When it comes to success and achievements, you are only ever seeing the end result. The fantastic book, the amazing painting, the awards, the celebration. You’re never seeing the bits between. You’re never seeing the hard work, the hundreds and hundreds of failures that go into each success, the times that person was depressed and hated themselves and their work. Their public image is happy and generous and friendly and it gives the impression it was effortless.

I suspect a lot of people view my high word counts that way. I often say how much I enjoy writing, how it is a joy for me. I’m not sitting hunched in a back room, grimly forcing myself to write 2000 words every day like someone is holding a gun to my head. And that’s all true.

However because of my health, sometimes I write and edit while extremely sick. I edited an entire novel on my bathroom floor because I was too sick to leave the toilet. It took a month. I get 2000 words a day, but sometimes I am too sick to stand up for long periods and might go three days without a shower. Or even speaking out loud because I am too sound sensitive. Sometimes people say: “I wish I had your word count.” And I think: “Yeah, well, I wish I left the house in the past ten days, but we can’t all have what we want.”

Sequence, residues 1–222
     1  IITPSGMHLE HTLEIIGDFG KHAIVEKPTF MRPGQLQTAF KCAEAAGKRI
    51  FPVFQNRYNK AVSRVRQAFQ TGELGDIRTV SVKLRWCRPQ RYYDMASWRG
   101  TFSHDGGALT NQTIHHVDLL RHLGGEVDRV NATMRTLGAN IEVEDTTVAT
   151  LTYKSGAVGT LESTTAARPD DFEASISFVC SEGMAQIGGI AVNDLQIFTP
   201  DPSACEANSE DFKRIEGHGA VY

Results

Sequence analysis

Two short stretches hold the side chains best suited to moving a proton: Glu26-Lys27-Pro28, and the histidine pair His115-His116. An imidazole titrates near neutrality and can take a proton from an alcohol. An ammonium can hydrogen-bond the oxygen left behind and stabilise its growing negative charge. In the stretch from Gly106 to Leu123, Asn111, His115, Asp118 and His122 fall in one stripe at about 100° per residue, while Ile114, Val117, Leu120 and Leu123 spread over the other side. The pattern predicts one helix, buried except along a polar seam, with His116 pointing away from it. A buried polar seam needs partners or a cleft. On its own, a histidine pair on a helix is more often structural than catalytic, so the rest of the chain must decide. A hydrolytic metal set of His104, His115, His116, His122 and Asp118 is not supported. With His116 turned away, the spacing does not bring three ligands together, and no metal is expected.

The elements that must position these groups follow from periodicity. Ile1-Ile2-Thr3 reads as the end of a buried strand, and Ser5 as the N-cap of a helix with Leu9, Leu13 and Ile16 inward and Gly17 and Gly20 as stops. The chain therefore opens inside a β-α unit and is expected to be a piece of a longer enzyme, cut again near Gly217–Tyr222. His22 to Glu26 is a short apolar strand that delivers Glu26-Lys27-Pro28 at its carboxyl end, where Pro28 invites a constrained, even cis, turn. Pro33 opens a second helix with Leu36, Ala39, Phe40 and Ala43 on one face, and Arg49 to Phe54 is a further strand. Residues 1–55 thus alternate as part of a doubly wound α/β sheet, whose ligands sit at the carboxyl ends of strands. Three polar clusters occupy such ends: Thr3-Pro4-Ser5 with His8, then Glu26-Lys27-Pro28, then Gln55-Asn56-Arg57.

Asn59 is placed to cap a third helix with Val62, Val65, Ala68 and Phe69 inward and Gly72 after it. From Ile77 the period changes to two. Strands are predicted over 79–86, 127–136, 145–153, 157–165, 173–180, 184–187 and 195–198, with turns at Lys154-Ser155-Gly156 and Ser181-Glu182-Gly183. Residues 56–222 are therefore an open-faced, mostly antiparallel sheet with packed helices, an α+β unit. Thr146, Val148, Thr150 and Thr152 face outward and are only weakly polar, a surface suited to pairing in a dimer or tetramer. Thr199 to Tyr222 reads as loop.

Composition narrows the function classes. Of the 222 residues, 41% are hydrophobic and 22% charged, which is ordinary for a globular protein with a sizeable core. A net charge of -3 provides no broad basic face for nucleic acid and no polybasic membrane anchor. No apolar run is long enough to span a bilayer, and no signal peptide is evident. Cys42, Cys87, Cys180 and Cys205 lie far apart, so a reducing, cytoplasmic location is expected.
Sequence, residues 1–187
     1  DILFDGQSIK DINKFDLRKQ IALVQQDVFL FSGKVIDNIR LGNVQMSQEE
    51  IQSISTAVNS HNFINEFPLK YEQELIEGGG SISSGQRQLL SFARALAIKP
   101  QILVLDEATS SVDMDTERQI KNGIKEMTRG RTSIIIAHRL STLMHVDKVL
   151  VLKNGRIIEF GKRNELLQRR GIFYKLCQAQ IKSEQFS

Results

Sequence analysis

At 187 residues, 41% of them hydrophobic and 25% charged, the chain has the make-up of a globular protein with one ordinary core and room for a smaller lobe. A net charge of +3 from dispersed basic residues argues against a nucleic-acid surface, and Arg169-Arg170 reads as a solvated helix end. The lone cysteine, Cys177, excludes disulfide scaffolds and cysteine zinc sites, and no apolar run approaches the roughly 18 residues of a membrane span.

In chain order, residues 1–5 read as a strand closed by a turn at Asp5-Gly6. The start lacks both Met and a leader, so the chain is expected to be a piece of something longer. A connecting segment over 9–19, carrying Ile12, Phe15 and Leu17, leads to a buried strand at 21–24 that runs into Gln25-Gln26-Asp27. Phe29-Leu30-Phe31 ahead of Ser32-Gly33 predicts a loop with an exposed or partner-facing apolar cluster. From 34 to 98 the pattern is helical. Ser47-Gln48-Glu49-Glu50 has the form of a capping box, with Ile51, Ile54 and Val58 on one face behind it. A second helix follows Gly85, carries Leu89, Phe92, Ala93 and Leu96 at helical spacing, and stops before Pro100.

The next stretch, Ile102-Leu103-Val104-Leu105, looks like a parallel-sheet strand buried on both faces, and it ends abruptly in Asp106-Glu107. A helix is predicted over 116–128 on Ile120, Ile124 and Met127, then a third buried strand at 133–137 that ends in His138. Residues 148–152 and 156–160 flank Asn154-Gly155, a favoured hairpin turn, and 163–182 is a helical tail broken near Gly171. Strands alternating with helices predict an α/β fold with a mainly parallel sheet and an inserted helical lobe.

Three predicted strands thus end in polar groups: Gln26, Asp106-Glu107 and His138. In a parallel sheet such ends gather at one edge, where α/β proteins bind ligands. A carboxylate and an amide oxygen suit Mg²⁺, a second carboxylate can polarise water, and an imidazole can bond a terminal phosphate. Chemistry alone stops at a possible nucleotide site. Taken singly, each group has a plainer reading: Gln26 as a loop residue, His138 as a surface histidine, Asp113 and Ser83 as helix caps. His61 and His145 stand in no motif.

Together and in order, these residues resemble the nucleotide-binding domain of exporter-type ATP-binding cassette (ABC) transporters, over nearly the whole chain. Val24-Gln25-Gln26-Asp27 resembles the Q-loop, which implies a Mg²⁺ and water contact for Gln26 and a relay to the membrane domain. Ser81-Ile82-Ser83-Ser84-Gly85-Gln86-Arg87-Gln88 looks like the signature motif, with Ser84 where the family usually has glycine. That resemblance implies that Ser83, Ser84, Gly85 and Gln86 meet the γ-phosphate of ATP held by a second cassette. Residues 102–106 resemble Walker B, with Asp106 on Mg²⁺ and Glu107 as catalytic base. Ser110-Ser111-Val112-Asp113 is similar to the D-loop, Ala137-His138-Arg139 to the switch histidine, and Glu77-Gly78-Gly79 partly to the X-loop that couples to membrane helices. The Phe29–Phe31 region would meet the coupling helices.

Your favourite author, whoever they are, the writer you think is perfect and infallible and awesome, has almost definitely considered giving up. They’ve hated their work. They’ve struggled and failed and been sick with fear to open their laptop and face the page. Probably not once, but many times. Because they see their favourite author being effortless and skilled and charming and they feel like a fraud too.

I have been lucky enough to observe some of my favourite authors in close quarters and see their processes. One, to help other writers overcome their own insecurities, even shared excepts from their journal in which they berated themselves for their lack of talent and confessed a desire to give up.

It read rather like some of my own journal entries.

It’s important we all know these moments of doubt are normal. Feeling like an imposter, at times, is normal. However you shouldn’t wallow in it. Acknowledge it, realise it is untrue, and move on. Slathering yourself in it and rolling around like you are tarring and feathering yourself with depression and angst is not healthy or productive.

Your successes were all hard won. Be proud.